We approach and sometimes belong to a community of practice because we share an interest, a passion, a desire to help or a need for help. One of the teachers we spoke with in preparing this course said: “I guess my philosophy is that, as teachers, we should see ourselves as a worldwide learning community. The more we can actually build upon and use and collaborate with each other, the better our students are going to benefit from.”

These are some of the benefits of sharing the materials that you create:

  • Student/user feedback and open peer review
  • Reputational benefits, recognition
  • Benefits (efficiency and cultural) of collaborative approaches to teaching/learning
  • Opportunities to work across sectors, institutions and subject disciplines
  • Increased digital literacies (particularly around IPR)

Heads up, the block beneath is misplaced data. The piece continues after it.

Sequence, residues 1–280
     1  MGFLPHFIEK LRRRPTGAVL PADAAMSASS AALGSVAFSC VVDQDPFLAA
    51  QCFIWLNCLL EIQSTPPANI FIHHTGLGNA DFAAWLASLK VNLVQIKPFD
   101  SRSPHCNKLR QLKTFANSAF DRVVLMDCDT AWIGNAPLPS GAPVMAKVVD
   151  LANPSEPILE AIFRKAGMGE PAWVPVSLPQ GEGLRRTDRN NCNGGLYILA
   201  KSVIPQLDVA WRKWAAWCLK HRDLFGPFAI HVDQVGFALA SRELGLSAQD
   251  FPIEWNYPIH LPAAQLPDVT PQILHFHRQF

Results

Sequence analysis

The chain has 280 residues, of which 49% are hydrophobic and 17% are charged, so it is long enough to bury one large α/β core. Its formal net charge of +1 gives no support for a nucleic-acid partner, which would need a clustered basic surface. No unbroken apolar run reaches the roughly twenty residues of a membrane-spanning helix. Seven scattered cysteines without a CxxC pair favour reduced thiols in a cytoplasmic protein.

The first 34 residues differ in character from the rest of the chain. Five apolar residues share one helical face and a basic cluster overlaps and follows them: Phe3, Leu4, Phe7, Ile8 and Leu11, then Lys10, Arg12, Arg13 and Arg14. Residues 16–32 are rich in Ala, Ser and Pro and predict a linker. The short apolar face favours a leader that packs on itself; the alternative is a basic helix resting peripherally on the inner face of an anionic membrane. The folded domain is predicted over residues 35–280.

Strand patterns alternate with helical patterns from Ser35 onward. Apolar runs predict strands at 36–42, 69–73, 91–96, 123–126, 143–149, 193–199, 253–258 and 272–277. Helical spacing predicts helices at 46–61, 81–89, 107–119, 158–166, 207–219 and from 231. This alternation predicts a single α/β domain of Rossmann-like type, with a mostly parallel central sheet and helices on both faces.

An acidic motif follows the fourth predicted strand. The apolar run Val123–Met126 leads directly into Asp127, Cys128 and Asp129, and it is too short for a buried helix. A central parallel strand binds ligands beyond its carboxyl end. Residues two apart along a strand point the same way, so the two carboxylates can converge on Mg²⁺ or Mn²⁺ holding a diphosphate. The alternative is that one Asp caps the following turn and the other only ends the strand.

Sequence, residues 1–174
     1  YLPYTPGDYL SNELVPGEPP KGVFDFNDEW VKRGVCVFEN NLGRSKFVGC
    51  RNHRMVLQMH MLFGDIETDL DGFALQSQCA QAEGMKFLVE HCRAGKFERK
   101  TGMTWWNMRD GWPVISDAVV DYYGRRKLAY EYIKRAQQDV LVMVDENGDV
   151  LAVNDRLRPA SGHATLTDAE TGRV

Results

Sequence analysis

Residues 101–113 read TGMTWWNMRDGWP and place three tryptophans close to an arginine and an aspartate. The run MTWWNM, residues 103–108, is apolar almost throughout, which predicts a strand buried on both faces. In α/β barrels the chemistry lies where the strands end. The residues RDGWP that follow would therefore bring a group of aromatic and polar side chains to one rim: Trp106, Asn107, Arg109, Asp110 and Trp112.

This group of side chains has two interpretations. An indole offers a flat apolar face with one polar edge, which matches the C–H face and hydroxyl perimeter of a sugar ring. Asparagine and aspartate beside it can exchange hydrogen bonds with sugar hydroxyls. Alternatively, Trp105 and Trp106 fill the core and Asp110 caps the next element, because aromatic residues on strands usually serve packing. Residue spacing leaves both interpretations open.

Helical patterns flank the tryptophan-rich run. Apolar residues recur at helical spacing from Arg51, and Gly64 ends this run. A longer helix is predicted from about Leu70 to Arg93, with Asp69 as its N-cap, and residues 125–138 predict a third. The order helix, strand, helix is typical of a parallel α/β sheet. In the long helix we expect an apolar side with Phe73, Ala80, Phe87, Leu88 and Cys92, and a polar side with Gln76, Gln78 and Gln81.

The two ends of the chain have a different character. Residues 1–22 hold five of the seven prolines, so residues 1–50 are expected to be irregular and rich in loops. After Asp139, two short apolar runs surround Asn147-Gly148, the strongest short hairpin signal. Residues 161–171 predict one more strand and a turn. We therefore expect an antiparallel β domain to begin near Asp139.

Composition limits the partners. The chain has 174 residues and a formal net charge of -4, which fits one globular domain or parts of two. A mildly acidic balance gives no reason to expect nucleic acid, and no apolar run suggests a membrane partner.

• Reaching a wider range of learners

Source: Stakeholders and Benefits, Open Educational Resources Infokit, JISC CC BY-SA 3.0

Sure you can think of other benefits, but now let’s concentrate on the ‘dark’ side. What would stop you from sharing your teaching materials? What do you think can go wrong? Do you know of any examples when the outcome of sharing was anything but advantageous? If you don’t mind sharing, post your comments in the forum below.

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